O.K. As luck would have it my girlfriend was not available so I figured we would just have to survive another day without her amazingly generous, never to be repeated offer.
As she struggled towards the door I noticed that the coins she had spilt from her handbag were still lying in a pile on the floor. Maybe the hairspray had affected her eyesight? Maybe she was so generous that since we weren’t able to take advantage of her generous offer she was leaving me all her change? Maybe she was such a successful sales rep that loose change was just a burden to her?
In any case, I scooped up the coins and handed them to her. Blushing she explained that she had abandoned her coins because she had glued 4 inch glittery resin extensions onto her fingernails which meant she couldn’t pick up anything that small from a flat surface.
Then she tottered off down the street.
As I opened the windows and doors to let the air clear I went back to my daydreams about form, function and four inch nails.
MMmmm…. Maybe my hammer should get together with her nails!
March 10th, 2010 by Shani
(We got this email from a guest who has come to stay with us a few times. I thought I would share it)
My husband and I have stayed at the Painted Fish many times before, in all of the accommodation options: the Carriage, the Cottage and the Studio. I can’t decide which one I prefer. I like the Carriage for the “cute” factor and its outdoor shower; the Cottage for its unique blend of old world charm and modern eco-designs; and the Studio for its funky red couches and general air of style.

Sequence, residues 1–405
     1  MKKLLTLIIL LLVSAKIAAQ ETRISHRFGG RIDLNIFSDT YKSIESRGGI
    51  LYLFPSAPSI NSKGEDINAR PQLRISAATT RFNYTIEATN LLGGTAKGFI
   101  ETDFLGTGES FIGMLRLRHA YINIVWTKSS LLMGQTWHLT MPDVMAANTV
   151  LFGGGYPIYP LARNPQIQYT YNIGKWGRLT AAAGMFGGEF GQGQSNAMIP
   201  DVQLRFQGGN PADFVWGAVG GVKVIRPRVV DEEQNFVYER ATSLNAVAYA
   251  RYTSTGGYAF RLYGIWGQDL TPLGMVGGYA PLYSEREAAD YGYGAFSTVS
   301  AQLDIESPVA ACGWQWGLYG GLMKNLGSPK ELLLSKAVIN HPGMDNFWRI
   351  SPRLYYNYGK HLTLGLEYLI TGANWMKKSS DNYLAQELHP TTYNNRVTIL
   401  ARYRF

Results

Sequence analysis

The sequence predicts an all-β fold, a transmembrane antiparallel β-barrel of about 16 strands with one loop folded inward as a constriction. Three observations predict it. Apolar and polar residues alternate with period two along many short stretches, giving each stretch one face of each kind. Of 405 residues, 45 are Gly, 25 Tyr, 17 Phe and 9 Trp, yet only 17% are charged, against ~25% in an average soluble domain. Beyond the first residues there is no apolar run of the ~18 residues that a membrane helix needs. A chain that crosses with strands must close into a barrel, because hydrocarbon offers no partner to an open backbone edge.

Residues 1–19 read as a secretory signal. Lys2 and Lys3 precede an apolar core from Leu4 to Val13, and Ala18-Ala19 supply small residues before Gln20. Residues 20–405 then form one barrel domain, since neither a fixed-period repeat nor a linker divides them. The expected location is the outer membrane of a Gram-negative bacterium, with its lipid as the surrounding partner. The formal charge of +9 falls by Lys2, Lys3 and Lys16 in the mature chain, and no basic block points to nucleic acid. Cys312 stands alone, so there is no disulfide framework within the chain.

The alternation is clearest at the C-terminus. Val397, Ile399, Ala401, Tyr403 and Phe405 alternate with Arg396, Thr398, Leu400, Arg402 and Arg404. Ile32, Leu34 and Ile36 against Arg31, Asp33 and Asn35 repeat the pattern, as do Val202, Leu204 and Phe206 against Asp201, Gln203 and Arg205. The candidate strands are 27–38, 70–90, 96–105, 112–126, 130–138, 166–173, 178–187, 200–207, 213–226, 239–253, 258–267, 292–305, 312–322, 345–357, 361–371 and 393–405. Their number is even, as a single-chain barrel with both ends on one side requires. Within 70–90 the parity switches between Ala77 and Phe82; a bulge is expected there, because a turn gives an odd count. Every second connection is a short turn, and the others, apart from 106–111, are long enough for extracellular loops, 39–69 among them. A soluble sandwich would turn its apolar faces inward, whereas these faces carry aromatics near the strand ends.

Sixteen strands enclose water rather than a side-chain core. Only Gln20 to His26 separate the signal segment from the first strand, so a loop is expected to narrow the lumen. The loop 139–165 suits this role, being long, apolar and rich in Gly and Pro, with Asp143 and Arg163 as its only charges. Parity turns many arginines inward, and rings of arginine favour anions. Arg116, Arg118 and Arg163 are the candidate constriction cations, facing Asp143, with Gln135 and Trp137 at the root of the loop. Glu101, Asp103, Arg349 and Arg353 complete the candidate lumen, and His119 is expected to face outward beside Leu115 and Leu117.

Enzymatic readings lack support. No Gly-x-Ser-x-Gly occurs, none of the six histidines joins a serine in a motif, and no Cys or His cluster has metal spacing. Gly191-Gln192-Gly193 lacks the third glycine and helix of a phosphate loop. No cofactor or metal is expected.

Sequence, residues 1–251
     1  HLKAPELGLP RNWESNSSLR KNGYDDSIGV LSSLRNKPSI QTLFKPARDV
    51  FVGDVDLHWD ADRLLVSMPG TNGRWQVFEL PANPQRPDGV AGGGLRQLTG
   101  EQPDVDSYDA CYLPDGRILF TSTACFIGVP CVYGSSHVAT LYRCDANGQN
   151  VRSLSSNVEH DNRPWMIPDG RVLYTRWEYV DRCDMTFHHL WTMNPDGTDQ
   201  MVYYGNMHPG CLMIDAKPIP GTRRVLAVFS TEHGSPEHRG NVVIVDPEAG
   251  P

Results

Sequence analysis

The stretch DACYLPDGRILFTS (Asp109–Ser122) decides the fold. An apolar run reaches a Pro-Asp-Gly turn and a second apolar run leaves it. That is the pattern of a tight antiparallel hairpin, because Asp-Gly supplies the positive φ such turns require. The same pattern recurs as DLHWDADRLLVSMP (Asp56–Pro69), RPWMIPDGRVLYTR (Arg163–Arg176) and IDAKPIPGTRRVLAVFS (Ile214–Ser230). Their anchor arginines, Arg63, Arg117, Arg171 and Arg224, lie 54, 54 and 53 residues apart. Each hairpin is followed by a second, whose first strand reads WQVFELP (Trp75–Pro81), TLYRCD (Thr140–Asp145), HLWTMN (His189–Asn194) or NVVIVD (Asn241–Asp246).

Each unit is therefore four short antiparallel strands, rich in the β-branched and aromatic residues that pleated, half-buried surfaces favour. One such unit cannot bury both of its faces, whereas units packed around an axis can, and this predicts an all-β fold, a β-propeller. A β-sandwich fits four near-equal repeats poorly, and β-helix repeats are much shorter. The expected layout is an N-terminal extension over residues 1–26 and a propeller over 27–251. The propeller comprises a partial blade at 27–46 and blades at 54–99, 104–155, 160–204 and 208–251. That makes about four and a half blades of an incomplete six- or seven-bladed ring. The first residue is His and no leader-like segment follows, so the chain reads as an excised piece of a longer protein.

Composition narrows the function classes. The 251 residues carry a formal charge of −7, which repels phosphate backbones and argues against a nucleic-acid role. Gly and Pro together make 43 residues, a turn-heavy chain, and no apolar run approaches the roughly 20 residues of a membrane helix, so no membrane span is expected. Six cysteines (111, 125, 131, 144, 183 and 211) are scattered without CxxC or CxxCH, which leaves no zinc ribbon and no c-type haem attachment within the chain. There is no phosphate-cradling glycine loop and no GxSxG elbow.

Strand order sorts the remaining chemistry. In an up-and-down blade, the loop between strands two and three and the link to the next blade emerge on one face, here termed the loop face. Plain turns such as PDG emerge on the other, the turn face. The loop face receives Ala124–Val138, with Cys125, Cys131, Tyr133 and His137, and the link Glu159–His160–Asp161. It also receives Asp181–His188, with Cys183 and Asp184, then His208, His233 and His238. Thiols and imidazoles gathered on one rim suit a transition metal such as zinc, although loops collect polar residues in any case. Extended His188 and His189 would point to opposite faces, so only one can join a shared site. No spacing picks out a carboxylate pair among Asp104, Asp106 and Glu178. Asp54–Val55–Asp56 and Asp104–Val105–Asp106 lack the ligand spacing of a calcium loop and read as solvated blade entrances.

Wherever I do stay, there are a few things that always happen:
- I feel like I’ve reconnected with old friends;
- I come away feeling inspired to do more with my own garden, my own community;
- It never feels long enough;
- I feel like I’ve nourished my soul and all of my senses.
Upon our arrival at the Painted Fish, the first thing that usually strikes me is the earthy fragrances of wooden floorboards, fresh linen and herbs in the garden. It calms me instantly.
I never cease to be amazed at the craftsmanship in the buildings – Tim’s clever iron work can be seen all around the place – on the beds, shower heads, gates and stairwells – and his fantastic paintings decorate the walls, along with a variety of other artists’ works.
For me, staying at the Painted Fish is about staying put and allowing myself the time to sit in the sun with a newspaper and a cup of tea (Tim and Shani have a great collection of teapots and old-fashioned cups and saucers – tea always tastes better out of a proper cup!), or listening to some relaxing music while dozing on the couch.